New York, NY (Top40 Charts)
Minneapolis-based band Fox & Coyote are out with a new single called, "Blue Marble". It is off of the album, Scattered Shadows
on a Double
Bed, what is being labeled as an ambitious and dynamic record that, if this single is any indication, certainly rings true. The band is made up of original duo, Ryan Evans (lead vocals,guitar) and Jonathan Harms (lead vocals, banjo, keys), along with Katherine Canon (cello, vocals), Grant Gordon
(upright and electric bass), and Kenny Befus (drums).
This song is a flurry of emotion and discordant sound. At first, it seems uniform enough, with a beautiful opening that has an incredible layered sound. The longer it goes on, however, the tone shifts. It gains an atmospheric quality that leaves you uneasy, both on account of the dueling sounds and rhythms and the haunting vocals. The last minute of the song is so quiet you have to turn up your volume to be able to make out the soft melody, which adds to the surreal feeling this song has.
Video: Blue Marble: https://www.youtube.com/watch?v=5uF6cjXor2Y
There is a level of distress and dread that washes over you as you listen to "Blue Marble" that might seem unpleasant at first, but you'll find yourself enjoying the song as a result of it. Immersion is a tricky tool that Fox & Coyote mastered in this track, diving straight into a story and a world you don't quite comprehend. It's a dizzying experience that I found very impressive. Anything that can make you feel so much without asking you to relate your own experiences has quite a bit of power to it.
The video for "Blue Marble" is unsettling and left me more confused by the story behind this song than I already was. However, it felt compelling and raw in a way that I couldn't quite put my finger on. If you're bothered by ants, this is not the music video for you. It features a paper puppet show with an ant, a bird, and a rat later on. It has a story that is up for interpretation, depending on how dark you would like to go, concerning an uninterested party and an ant's diet.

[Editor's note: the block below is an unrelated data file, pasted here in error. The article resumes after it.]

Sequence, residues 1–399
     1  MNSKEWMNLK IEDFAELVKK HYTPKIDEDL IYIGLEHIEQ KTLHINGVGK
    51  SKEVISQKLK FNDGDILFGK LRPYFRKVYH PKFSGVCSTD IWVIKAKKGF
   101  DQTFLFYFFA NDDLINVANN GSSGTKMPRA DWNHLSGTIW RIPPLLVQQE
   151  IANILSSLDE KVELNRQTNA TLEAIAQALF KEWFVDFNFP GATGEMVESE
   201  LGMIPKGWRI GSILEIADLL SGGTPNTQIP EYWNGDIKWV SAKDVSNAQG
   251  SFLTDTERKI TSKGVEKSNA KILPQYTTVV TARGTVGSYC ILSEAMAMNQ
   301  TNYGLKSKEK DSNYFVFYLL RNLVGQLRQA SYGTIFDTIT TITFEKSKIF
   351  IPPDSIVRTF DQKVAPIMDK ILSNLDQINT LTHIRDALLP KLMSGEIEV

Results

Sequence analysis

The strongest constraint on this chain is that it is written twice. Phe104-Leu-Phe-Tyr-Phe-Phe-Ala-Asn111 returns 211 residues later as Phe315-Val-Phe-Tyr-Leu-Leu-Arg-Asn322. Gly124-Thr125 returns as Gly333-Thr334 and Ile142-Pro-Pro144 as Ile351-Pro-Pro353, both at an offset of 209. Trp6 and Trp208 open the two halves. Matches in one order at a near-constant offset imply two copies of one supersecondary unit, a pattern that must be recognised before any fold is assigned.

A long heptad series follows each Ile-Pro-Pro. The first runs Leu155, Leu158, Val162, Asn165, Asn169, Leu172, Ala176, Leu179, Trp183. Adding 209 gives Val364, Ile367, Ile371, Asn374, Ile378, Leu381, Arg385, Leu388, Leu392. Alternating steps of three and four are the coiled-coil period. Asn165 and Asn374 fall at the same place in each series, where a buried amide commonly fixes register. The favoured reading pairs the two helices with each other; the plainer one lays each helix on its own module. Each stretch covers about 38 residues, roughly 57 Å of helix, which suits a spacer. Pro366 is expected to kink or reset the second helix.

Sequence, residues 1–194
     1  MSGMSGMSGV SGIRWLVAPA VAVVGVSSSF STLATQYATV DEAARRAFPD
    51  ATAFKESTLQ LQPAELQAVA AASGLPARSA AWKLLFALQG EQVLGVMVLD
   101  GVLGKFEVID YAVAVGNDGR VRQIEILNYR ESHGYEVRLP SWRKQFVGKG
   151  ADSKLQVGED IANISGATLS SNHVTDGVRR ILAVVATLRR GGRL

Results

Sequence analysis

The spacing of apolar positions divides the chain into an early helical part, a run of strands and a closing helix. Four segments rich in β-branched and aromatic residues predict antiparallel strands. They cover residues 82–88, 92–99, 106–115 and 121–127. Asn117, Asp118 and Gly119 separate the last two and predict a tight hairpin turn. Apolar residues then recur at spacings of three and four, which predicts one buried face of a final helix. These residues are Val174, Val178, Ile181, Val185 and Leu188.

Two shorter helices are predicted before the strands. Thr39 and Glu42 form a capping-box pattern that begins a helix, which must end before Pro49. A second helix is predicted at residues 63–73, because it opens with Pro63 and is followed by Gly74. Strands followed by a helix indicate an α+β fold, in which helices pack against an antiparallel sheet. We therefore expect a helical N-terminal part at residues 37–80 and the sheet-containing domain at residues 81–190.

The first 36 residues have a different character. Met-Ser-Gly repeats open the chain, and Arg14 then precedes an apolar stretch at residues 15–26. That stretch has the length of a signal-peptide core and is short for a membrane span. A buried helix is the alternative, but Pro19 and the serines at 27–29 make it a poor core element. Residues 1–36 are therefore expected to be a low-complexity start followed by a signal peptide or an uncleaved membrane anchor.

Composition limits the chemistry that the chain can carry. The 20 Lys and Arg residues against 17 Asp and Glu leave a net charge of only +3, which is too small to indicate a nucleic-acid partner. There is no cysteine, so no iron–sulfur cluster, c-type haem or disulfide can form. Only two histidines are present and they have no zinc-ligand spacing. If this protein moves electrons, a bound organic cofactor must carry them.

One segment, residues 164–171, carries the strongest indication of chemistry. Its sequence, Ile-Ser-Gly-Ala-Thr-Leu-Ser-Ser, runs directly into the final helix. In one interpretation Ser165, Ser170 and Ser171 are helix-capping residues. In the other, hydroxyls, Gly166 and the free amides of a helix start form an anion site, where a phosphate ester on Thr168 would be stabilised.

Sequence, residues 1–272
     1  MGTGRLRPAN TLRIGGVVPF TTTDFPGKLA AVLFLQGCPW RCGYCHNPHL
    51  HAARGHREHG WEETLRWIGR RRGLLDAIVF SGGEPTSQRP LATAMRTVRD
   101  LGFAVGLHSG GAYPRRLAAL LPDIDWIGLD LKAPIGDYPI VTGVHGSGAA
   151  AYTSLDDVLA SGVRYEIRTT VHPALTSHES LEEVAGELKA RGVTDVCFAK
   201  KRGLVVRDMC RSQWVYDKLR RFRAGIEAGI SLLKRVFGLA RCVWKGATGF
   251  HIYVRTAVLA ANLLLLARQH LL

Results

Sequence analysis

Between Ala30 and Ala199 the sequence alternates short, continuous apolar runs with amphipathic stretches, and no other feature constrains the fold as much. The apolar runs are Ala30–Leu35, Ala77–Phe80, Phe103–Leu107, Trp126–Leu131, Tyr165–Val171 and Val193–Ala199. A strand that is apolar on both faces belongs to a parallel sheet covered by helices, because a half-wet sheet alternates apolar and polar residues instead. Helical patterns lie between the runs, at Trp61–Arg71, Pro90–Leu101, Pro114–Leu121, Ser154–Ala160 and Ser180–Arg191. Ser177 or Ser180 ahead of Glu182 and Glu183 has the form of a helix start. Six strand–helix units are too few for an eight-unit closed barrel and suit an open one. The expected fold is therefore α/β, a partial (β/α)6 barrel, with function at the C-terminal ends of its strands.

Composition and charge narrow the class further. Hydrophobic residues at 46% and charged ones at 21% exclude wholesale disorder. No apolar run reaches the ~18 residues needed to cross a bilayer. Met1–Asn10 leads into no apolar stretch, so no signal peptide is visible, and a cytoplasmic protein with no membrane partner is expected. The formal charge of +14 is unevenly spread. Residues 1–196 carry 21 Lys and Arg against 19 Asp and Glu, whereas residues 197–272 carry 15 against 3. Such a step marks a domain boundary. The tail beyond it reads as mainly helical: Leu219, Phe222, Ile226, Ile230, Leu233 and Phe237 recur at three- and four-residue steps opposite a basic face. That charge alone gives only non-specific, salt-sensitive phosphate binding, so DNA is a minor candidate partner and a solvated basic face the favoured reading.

"And I wonder if the moon looks down on us in fright / I guess we make a pretty light," is the lyric that has been stuck in my head since first listening. I can't quite make sense of the story "Blue Marble" is trying to tell, but this struck a chord within me. Every word is sung with such passion and strength, it's impressive, but the second part of this lyric is the one that stands out the most. It has such power, it commands your undivided attention. If you're focusing on something else, that line will drag you back into this intricate world that Fox & Coyote created.
"Blue Marble" is an utterly unique experience that, while it may not be suitable for all listeners, is exactly the thought-provoking and deeply layered song that many may be looking for. Fox & Coyote have acquired a mastery of complex rhythms, intricate music, and powerful vocals that makes such an ambitious sound they have work beautifully. I eagerly anticipate Scattered Shadows
on a Double
Bed and all of Fox & Coyote's future work.